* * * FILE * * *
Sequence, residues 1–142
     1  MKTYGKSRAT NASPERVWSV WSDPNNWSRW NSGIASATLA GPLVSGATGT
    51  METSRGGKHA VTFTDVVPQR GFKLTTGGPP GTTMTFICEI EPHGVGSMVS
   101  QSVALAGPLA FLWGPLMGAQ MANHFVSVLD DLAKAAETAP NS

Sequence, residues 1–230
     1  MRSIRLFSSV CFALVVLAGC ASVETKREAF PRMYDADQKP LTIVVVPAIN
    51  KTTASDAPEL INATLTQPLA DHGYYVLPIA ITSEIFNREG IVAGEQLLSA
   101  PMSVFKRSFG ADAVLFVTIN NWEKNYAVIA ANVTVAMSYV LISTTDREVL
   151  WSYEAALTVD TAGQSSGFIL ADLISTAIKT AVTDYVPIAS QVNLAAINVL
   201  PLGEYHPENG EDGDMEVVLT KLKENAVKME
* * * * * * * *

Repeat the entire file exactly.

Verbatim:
Sequence, residues 1–142
     1  MKTYGKSRAT NASPERVWSV WSDPNNWSRW NSGIASATLA GPLVSGATGT
    51  METSRGGKHA VTFTDVVPQR GFKLTTGGPP GTTMTFICEI EPHGVGSMVS
   101  QSVALAGPLA FLWGPLMGAQ MANHFVSVLD DLAKAAETAP NS

Sequence, residues 1–230
     1  MRSIRLFSSV CFALVVLAGC ASVETKREAF PRMYDADQKP LTIVVVPAIN
    51  KTTASDAPEL INATLTQPLA DHGYYVLPIA ITSEIFNREG IVAGEQLLSA
   101  PMSVFKRSFG ADAVLFVTIN NWEKNYAVIA ANVTVAMSYV LISTTDREVL
   151  WSYEAALTVD TAGQSSGFIL ADLISTAIKT AVTDYVPIAS QVNLAAINVL
   201  PLGEYHPENG EDGDMEVVLT KLKENAVKME